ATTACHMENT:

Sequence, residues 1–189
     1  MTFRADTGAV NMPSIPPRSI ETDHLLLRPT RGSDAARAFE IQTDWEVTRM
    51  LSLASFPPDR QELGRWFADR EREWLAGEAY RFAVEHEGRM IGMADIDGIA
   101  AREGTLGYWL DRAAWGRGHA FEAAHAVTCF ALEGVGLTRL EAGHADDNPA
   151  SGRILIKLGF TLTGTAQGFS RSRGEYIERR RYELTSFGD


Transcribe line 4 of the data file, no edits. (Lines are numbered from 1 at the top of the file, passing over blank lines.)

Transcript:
   101  AREGTLGYWL DRAAWGRGHA FEAAHAVTCF ALEGVGLTRL EAGHADDNPA